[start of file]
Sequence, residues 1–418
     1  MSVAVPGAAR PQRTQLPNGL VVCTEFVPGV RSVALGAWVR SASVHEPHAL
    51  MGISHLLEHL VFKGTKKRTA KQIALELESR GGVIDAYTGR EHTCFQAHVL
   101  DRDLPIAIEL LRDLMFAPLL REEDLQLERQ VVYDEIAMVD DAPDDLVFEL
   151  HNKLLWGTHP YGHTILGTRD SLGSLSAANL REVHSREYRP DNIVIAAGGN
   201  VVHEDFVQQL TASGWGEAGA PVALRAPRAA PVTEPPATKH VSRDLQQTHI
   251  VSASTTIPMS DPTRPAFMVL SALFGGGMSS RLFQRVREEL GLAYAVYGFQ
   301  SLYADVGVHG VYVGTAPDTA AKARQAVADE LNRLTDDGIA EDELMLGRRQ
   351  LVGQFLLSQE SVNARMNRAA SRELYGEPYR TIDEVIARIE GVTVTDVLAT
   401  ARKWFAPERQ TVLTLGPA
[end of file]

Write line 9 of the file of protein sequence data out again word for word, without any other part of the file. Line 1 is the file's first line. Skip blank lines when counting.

   351  LVGQFLLSQE SVNARMNRAA SRELYGEPYR TIDEVIARIE GVTVTDVLAT